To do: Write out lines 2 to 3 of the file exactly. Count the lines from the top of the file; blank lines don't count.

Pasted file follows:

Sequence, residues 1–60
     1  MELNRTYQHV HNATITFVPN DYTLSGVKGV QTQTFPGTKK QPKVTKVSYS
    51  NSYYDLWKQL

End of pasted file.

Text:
     1  MELNRTYQHV HNATITFVPN DYTLSGVKGV QTQTFPGTKK QPKVTKVSYS
    51  NSYYDLWKQL